Water contamination is once again in the national spotlight following a $1.6 million verdict in favor of the plaintiff in Bartlett v. E.I. du Pont de Nemours and Co., et al. (Bartlett), the first of the more than 3,500 personal injury and wrongful death cases part of a coordinated multidistrict litigation arising from alleged exposures to C-8 or Perfluorooctanoic acid (PFOA), a well-known chemical commonly used in such popular consumer goods as Teflon and non-stick cookware.
Approximately twelve years ago, the parties in Leach v. E.I. du Pont de Nemours & Co. (Leach), a 2004 class-action lawsuit wherein the plaintiffs alleged DuPont contaminated the drinking water of six water districts with C-8, reached a community settlement. Pursuant to the terms of the settlement, the parties selected a panel of epidemiologists to study whether a connection existed between C-8 exposure and the diseases at issue inLeach. The parties agreed that if the panel found the existence of a link to be more likely than not, DuPont waived its right to challenge whether C-8 caused the named disease. Ultimately the panel linked C-8 exposures to six human diseases and opened the door for more than 3,500 personal injury cases filed as part of a coordinated multidistrict litigation in West Virginia and Ohio.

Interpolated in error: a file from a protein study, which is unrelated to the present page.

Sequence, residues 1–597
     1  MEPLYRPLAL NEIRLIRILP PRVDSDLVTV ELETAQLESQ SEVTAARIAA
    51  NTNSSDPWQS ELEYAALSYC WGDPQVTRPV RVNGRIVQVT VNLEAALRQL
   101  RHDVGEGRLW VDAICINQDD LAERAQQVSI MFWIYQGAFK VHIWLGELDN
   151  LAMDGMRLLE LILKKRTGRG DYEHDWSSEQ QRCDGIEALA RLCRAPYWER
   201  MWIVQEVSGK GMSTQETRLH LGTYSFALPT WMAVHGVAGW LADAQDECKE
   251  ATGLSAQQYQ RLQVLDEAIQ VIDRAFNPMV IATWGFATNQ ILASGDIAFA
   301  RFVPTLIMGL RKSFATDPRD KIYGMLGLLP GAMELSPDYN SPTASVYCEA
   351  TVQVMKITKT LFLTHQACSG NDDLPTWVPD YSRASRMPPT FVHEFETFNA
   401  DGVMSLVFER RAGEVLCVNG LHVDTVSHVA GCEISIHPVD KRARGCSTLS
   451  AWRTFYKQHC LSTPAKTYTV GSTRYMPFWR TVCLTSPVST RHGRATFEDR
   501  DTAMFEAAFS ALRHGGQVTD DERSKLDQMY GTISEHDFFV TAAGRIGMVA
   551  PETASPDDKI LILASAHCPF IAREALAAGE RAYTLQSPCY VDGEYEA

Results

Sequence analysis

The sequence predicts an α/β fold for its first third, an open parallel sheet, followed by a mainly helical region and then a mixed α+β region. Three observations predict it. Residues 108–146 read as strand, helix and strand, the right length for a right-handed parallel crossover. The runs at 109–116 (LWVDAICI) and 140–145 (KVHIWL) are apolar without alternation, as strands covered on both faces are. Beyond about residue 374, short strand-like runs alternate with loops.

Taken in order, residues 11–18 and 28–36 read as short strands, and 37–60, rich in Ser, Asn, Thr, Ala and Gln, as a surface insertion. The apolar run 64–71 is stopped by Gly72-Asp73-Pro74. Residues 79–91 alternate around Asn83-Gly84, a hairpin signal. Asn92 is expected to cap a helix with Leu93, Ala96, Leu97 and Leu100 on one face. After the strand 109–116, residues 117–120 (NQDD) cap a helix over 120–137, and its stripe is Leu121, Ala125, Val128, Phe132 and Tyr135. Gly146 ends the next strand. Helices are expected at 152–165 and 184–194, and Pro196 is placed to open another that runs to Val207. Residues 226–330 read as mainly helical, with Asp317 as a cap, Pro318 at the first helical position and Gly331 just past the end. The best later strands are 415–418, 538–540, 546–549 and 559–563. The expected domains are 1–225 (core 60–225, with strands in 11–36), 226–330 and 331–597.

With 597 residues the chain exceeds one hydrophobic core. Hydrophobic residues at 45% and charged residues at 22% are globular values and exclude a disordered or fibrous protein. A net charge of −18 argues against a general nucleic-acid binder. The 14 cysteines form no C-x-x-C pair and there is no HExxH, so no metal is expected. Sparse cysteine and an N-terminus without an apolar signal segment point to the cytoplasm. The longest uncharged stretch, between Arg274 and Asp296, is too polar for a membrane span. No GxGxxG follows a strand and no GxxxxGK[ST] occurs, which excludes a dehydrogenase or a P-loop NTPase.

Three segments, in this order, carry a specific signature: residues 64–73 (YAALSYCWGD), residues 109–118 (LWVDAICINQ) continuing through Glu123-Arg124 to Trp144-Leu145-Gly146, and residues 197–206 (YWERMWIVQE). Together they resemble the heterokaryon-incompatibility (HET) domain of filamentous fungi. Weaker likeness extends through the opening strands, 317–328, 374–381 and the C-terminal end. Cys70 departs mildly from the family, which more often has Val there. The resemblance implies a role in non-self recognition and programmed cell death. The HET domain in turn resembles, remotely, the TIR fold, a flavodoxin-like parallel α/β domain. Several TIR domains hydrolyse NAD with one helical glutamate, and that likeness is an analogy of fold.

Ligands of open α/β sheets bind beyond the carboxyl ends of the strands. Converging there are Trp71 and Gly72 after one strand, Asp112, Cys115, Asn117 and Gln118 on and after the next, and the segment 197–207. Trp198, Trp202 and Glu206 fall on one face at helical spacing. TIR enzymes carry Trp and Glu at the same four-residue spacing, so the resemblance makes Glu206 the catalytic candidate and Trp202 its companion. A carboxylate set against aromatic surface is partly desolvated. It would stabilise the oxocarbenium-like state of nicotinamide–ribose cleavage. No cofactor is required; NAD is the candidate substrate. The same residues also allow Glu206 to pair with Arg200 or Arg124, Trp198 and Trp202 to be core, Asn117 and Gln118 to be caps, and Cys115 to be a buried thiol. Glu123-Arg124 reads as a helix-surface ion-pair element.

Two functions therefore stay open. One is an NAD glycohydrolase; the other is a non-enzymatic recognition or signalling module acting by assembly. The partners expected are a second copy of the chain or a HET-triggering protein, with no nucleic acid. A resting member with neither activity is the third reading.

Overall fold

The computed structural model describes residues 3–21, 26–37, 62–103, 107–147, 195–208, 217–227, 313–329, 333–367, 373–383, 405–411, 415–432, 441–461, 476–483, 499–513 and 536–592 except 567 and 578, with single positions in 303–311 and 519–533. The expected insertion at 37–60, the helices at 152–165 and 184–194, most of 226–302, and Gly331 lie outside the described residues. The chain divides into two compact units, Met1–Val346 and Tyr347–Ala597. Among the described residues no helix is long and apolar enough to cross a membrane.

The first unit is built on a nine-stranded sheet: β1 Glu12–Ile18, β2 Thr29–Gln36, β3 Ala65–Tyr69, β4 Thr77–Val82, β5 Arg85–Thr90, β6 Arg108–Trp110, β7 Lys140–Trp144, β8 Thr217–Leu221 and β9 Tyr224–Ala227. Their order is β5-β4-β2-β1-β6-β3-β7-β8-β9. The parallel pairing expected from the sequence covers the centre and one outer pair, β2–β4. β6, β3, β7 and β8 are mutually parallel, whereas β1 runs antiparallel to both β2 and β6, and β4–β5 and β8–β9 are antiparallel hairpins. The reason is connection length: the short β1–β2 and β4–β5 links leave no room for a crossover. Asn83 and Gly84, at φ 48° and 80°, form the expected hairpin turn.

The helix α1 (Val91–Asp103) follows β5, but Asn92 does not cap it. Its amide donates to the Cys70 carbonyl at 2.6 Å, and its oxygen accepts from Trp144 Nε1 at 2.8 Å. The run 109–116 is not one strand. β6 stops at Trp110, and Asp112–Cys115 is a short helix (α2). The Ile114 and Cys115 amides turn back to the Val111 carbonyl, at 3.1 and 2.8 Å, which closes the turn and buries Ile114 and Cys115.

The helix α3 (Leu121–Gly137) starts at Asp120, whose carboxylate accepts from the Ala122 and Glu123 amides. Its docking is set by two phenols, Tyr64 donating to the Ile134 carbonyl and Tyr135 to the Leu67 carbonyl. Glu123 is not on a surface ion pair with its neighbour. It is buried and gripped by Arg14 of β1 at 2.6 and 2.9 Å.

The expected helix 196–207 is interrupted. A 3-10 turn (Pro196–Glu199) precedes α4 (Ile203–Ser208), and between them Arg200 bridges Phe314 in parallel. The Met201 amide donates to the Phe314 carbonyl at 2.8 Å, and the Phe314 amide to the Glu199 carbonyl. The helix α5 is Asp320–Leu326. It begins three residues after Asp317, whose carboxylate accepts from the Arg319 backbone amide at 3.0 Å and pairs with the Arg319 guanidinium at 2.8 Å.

C-8 is a synthetic acid and essential ingredient for Teflon and waterproofing because it is a slippery, stable compound that reduces the surface tension of water. C-8 is also found in industrial waste, carpet cleaning liquids, house dust, microwave popcorn bags, fast food wrappers, water, and food. Toxicology data shows that C-8 is a carcinogen, liver toxicant, a developmental toxicant, and an immune system toxicant. C-8 is prominently on the radar of regulatory agencies because of its persistence, toxicity, and widespread occurrence in the blood of general populations worldwide. Studies have found that it is present at very low levels in nearly everyone's blood in the United States. Recent analytical data from the Centers for Disease Control shows that C-8 is in the blood of 99.7% of Americans.
In October 2015, the first of the cases on the coordinated docket to reach trial, Bartlettconcluded when a jury awardedplaintiff Carla Marie Bartlett $1.6 million upon finding DuPont negligently caused Ms. Bartlett's kidney cancer. The next of the C-8 cases set for trial is
Wolf v. E.I. du Pont de Nemours and Co., et al. (Wolf). In Wolf, plaintiff John Wolf alleges that exposures to C-8 water contaminated by DuPont caused his ulcerative colitis. Currently the parties in
Wolfare embroiled in determining the full scope of expert opinion.
The ultimate determination as to the scope of expert testimony and the result of the trial could help set the tone for several thousand subsequent personal injury and wrongful death cases.
Indeed, these cases may set the tone for an even greater number of litigations based on the fact that C-8 exposure can be traced to virtually the entire general population.